Bari Imam

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Saint Barī Imām
Bari Imam.tif
A popular local depiction of Barī Imām
Mystic
Born 1617 CE (1026 AH)
Choli Karsal, District Chakwal, Pakistan[1]
Died 1705 CE (1114 AH)[2]
Noorpur, Shahan, Islamabad, Pakistan
Venerated in By all those Sunni Muslims who venerate saints, especially by those in the Indian subcontinent; some Shia Muslims come to his shrine too
Feast May 24 (urs)
Patronage Islamabad[3]
Tradition or genre
Sunni Islam (Jurisprudence: Hanafi)
Barī Imām
Title Shaykh, Pīr, Hazrat, Sayyid
Region Indian
Religion Islam
Denomination Sunni
Jurisprudence Hanafi
Main interest(s) Sufism
Sufi order Qadiriyya, Qalandariyya
The tomb of Bari Imam in Islamabad

Pīr Ḥazrat Sayyid ʿAbd al-Laṭīf Shāh Qādirī Qalandarī, often referred to as Barī Imām or Barī Sarkār, or reverentially as Shaykh Shah ʿAbd al-Laṭīf by Sunni Muslims of the Indian subcontinent, was a 17th-century Sunni Muslim ascetic, mystic of Western Punjab who is venerated today as the patron saint of Islamabad, Pakistan.[4][5] Born in Karsal in 1617 to a family descended from the Prophet Muhammad, the life of Bari Imam is known "essentially through oral tradition and hagiographical booklets and celebrated in numerous songs" of Indian and Pakistani Sufism.[6] In the present day, Bari Imam is the most popular and widely-venerated saint of Western Punjab.[7]

History[edit]

Bari Imam was eight years old when his family migrated to what is now Aabpara, Islamabad in Pakistan. According to some sources, he later married and had one daughter, though both women are said to have died prematurely.[8] After their passing, Bari Imam began wandering the forests of the Hazara district in Northern Punjab, where he spent twenty-four years as an ascetic.[9] Although formally initiated into a branch of the Qadiriyya spiritual order begun by the 11th-century Hanbali jurist and mystic Abdul-Qadir Gilani (d. 1166), Bari Imam was primarily renowned as a great mystic in the Qalandariyya tradition of wandering dervishes, who were known for their frequent displays of spiritual ecstasy and their status as "holy fools for God."[10] Despite, however, his often-enraptured nature, Bari Imam consistently upheld all the formal prescriptions of Islamic law, and never allowed his mysticism to "contravene" the law of God.[11] As such, he adhered to the Hanafi school of orthodox Sunni jurisprudence in matters of the law.[12]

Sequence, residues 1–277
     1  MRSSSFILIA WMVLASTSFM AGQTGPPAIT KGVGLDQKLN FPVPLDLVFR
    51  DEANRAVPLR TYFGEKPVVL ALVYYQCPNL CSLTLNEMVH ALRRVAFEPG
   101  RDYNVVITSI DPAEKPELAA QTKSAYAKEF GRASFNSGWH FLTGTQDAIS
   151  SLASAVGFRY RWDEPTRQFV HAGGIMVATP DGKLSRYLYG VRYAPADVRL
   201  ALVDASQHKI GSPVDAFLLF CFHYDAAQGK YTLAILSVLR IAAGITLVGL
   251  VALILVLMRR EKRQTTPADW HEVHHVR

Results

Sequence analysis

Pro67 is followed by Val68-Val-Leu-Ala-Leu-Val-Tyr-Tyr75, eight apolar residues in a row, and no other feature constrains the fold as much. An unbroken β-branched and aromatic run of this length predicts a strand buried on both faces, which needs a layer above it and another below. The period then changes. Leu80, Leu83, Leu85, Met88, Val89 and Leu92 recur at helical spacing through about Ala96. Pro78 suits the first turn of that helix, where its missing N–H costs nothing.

As was often the case with the Qalandariyya dervishes, Bari Imam did not transmit any of his doctrines to writing; as such, it may be rightly presumed that he bequeathed all of his teachings orally.[13] Bari Imam was renowned in his own life for being an ascetic who subjected himself to great self-humiliation in the public sphere, "living among the pariahs and consciously exposing himself to the disdain of the people."[14] A celebrated miracle worker, Bari Imam is also described in regional lore as one through whom God performed many marvels to convince the local people of the truth of Islam; thus, some of the most popular miracles ascribed to him are his having caused water to gush forth from rocks and his having brought back to life the dead buffaloes of a peasant who had earlier provided the saint with milk during his ten years of spiritual seclusion.[15]